Britain needs to live up to its responsibilities on unaccompanied minors in Calais 'Jungle' camp, says France

French Interior Minister Bernard Cazeneuve speak to the press during a visit to the police station of Savigny-Sur-Orge in Paris on Oct 10, 2016.
French Interior Minister Bernard Cazeneuve speak to the press during a visit to the police station of Savigny-Sur-Orge in Paris on Oct 10, 2016. PHOTO: AFP

PARIS (AFP) - Britain has a "moral duty" to take in hundreds of migrant children from the "Jungle" camp in Calais desperate to cross the Channel, France said on Monday (Oct 10), with the site apparently facing the bulldozer just days from now.

"I am solemnly asking Britain to assume its moral duty," Interior Minister Bernard Cazeneuve told RTL radio ahead of talks in London with British counterpart Amber Rudd.

"There are several hundred unaccompanied minors in Calais who have family in Britain. We are in the process of drawing up a precise list and the British need to live up to their responsibilities. We have lived up to ours," stressed the minister.

French officials have said that work to dismantle the sprawling migrant camp in Calais could begin next week, with residents to be spread around reception centres across France.

The makeshift settlement has become a focal point in France of Europe's migrant crisis, disputed by politicians and now a constant source of tension with Britain.

Mr Cazeneuve said last week there were up to 950 children living in the "Jungle", many unaccompanied.

British campaigners stepped up pressure on both governments over the weekend.

The British Red Cross said 178 unaccompanied children in Calais had the right to claim asylum in Britain as they had family there, but that red tape was holding things up.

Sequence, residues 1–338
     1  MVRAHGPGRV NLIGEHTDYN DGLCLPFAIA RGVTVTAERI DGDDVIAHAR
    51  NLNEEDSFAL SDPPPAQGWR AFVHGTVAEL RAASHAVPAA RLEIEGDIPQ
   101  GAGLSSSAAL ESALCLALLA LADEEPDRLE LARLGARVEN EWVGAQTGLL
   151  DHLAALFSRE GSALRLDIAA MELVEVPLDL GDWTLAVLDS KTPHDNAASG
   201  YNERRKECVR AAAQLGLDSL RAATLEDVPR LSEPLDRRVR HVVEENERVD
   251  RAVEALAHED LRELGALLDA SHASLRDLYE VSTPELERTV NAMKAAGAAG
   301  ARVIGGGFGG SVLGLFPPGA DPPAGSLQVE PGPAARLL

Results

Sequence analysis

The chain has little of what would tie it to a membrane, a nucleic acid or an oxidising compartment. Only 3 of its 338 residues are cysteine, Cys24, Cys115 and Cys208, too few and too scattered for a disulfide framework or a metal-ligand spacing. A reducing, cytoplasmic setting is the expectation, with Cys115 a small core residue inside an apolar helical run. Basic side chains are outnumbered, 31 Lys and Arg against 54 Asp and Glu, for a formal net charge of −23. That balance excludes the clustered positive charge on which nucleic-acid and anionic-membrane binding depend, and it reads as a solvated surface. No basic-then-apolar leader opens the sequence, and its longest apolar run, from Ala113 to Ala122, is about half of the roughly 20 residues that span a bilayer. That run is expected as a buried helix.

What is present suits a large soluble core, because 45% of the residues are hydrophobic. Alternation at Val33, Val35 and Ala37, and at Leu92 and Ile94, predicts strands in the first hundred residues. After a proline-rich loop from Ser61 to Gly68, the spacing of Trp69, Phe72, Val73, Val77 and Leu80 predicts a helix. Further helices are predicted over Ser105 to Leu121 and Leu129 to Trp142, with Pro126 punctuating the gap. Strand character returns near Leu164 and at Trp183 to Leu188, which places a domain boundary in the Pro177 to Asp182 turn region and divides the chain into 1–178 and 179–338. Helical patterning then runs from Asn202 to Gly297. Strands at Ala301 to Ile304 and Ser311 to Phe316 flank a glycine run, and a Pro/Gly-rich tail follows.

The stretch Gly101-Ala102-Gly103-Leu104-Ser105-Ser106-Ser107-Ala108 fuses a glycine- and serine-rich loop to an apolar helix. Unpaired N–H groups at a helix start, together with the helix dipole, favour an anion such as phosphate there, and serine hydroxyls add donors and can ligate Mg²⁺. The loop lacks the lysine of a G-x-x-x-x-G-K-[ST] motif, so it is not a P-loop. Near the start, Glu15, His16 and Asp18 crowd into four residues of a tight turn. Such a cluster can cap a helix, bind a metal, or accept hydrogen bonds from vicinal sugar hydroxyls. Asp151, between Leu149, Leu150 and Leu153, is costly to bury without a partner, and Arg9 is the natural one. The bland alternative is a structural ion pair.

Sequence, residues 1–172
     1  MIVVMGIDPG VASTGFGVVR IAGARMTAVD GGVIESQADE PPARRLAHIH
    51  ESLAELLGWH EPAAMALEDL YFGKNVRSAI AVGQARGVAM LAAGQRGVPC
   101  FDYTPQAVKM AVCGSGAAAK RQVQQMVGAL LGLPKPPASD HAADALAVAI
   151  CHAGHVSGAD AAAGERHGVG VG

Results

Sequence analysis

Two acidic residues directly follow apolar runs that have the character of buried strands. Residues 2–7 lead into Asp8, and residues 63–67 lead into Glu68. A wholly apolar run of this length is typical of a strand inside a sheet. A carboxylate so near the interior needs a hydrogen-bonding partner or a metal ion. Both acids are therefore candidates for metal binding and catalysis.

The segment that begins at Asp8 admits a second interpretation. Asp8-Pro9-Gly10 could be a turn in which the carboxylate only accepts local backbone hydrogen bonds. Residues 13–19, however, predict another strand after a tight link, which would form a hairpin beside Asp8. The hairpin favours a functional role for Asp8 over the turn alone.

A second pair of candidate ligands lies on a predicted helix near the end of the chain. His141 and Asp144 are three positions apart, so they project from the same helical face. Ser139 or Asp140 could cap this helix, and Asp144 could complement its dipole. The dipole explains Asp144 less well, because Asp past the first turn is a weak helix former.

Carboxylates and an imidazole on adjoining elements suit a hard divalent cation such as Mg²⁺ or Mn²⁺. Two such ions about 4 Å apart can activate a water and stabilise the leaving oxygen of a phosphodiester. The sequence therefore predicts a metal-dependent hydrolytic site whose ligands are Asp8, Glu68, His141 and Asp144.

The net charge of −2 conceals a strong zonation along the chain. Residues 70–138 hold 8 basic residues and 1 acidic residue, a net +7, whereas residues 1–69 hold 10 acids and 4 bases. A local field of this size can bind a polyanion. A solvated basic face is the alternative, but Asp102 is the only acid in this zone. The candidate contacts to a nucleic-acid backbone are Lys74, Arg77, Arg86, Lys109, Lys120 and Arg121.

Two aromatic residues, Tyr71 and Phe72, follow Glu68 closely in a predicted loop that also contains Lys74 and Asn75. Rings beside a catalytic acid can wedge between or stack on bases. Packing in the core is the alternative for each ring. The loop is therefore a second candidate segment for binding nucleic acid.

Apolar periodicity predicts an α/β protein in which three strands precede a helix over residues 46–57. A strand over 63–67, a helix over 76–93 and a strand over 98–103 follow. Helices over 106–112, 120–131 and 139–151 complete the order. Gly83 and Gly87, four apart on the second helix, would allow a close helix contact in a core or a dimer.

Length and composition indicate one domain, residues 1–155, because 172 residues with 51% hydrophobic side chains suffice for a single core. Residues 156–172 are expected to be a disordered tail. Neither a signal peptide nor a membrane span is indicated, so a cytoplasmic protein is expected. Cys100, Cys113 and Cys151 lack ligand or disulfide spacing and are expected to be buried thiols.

"We need urgent action from both the UK and French governments," said spokesman Alex Fraser as the group released a report on the problem on Sunday (Oct 9).

While both countries were working on the problem, "more can and must be done, on both sides of the Channel," he added.

Archbishop of Canterbury Justin Welby, the leader of Anglicans worldwide, was among signatories of an open letter calling for the children to be admitted.

The children "have fled conflict and persecution, are now stuck in northern France, deeply traumatised and at great risk", said the letter. "The time to act is now."

A number of other British religious leaders from different faiths also signed the letter, which was drawn up by the charity Citizens UK.

At a meeting last month in Paris, Ms Rudd and Mr Cazeneuve pledged a united front over the Jungle camp and cross-Channel security more generally.

Another migrant died this weekend in the Calais region, the 14th such death this year.

An Eritrean migrant died after being hit by a car on a motorway near Calais late on Sunday.

A second migrant slightly hurt in the accident was treated in Calais hospital, local officials said.

Migrants desperate to get to Britain regularly try to stow away on lorries heading to the Channel ports for the ferry crossing to England.